Saudi Arabia may be finding a new way to make social media more obnoxious than it already is. Media reports are detailing a ‘helpful’ service now being offered that will inform Saudi males when the females under their guardianship pass airport exit controls. I’m sure some see this as a useful tool, helping family stability. Once again, though, it comes at the cost of infantilizing Saudi women.
Al Arabiya TV reports (along with Agence France Presse) that the service is coming in for some serious derision from Saudis, male and female:
‘Where’s my wife?’ Electronic SMS tracker notifies Saudi husbands
AL ARABIYA WITH AFP
Denied the right to travel without consent from their male guardians and banned from driving, women in Saudi Arabia are now monitored by an electronic system that tracks any cross-border movements.
Since last week, Saudi women’s male guardians began receiving text messages on their phones informing them when women under their custody leave the country, even if they are travelling together.
Manal al-Sherif, who became the symbol of a campaign launched last year urging Saudi women to defy a driving ban, began spreading the information on Twitter, after she was alerted by a couple.
The husband, who was travelling with his wife, received a text message from the immigration authorities informing him that his wife had left the international airport in Riyadh.
“The authorities are using technology to monitor women,” said columnist Badriya al-Bishr, who criticised the “state of slavery under which women are held” in the ultra-conservative kingdom.
Women are not allowed to leave the kingdom without permission from their male guardian, who must give his consent by signing what is known as the “yellow sheet” at the airport or border.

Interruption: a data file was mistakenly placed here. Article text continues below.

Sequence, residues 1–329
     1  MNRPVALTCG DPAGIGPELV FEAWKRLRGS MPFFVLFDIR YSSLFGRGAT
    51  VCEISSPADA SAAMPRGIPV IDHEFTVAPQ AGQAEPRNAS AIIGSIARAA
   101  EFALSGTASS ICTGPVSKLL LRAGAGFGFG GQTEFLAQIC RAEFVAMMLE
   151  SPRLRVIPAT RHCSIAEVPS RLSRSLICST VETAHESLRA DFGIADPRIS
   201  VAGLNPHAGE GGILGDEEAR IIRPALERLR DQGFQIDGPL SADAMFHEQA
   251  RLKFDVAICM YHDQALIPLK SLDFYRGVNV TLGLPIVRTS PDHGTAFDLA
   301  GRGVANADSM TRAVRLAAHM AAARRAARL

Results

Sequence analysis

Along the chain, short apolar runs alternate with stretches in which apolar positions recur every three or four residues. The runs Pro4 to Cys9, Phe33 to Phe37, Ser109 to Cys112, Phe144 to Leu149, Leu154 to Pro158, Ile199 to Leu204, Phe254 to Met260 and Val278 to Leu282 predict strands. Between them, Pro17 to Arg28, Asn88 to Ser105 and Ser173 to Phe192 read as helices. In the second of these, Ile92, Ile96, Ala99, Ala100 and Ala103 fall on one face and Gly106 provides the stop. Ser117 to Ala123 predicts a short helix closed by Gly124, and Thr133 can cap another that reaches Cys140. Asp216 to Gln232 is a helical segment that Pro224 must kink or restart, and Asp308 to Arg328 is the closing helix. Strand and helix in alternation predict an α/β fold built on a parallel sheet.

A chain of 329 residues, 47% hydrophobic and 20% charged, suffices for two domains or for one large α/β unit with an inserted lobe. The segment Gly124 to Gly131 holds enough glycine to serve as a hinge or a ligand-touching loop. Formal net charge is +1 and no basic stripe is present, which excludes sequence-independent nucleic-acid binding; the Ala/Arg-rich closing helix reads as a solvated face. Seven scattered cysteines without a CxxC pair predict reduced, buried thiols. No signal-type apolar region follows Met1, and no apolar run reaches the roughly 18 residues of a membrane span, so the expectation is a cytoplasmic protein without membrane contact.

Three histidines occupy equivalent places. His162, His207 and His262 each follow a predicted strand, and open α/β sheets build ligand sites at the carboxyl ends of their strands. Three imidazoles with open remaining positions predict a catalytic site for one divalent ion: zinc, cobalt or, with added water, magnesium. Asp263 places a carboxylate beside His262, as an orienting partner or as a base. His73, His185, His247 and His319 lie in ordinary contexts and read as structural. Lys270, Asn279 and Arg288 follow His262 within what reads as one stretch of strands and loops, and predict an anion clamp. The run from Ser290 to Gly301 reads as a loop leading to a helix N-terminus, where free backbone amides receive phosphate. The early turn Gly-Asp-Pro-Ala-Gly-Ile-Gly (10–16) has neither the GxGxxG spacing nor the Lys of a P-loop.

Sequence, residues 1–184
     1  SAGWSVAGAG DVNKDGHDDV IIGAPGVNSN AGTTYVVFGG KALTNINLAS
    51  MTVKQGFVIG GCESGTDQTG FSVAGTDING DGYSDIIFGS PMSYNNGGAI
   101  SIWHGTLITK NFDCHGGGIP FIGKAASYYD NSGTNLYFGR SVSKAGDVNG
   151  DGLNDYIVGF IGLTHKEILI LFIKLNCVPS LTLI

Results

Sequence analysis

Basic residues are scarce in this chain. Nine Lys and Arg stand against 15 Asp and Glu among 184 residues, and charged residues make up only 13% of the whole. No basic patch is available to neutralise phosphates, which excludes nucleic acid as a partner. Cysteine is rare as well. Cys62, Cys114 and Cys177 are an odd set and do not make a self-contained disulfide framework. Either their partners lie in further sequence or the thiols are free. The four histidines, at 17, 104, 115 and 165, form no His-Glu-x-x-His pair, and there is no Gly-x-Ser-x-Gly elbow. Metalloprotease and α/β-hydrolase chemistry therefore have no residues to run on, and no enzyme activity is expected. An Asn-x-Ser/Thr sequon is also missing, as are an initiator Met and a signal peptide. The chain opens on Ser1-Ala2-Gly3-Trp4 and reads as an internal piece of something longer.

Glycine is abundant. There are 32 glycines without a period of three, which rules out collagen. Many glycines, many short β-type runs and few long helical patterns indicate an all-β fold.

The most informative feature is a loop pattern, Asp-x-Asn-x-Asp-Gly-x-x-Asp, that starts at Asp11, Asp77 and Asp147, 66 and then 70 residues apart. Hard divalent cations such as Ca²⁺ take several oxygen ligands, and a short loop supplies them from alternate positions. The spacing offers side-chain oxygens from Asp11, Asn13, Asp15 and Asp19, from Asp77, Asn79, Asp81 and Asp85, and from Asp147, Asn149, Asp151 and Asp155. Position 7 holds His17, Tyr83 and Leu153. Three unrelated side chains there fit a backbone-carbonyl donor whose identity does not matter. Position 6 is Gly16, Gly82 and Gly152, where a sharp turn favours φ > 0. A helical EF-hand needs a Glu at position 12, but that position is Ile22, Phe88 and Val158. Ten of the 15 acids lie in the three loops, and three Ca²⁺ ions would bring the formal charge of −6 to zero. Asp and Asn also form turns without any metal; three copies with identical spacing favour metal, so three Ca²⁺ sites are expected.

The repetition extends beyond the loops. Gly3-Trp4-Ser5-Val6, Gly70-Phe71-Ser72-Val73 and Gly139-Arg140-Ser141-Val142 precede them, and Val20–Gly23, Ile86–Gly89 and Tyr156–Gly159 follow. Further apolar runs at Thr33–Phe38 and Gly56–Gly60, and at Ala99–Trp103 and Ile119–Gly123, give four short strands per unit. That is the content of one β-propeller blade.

The move by the Saudi authorities was swiftly condemned on social network Twitter — a rare bubble of freedom for millions in the kingdom — with critics mocking the decision.
“Hello Taliban, herewith some tips from the Saudi e-government!” read one post.
“Why don’t you cuff your women with tracking ankle bracelets too?” wrote Israa.
“Why don’t we just install a microchip into our women to track them around?” joked another.
“If I need an SMS to let me know my wife is leaving Saudi Arabia, then I’m either married to the wrong woman or need a psychiatrist,” tweeted Hisham.
The Saudi Arabic media isn’t thrilled by the move, either. Saudi Gazette translates a piece from Al-Hayat that links the service with other manifestations of oppression. The piece wonders just how much money was spent in coming up with this piece of nonsense.
‘Relax! We’ll track your wife down!’
Badriya Al-Bishir | Al-Hayat newspaper
YOU will find at the end of this article a link that will take you to the picture of a woman standing in the main entrance of Al-Hafayer police station in Khamis Mushayt.
The woman looks humiliated; she ran away from her husband who locked her in the bathroom for six days, whipped, tortured and made her drink his urine.
When he finally entered the bathroom to take a shower, the woman ran to the police but they refused to help her and left her stranded on the street.
Every time she runs away from her husband, her father makes her return.
This time, however, her father has refused to go to the police station and bring her home.
She is being treated as if she is a commodity that needs to be collected.
She sits and waits on the street until her owner claims her. And to make matters worse, despite her plight, the authorities have refused to intervene and help her.
The Passport Directorate has been recently working on a project called “Relax! We’ll track your wife down!”
I hope the authorities provide us with a total cost of this truly ground-shattering service, which is a sign of the backwardness that plagues Saudi society. Let me explain the reason behind this service.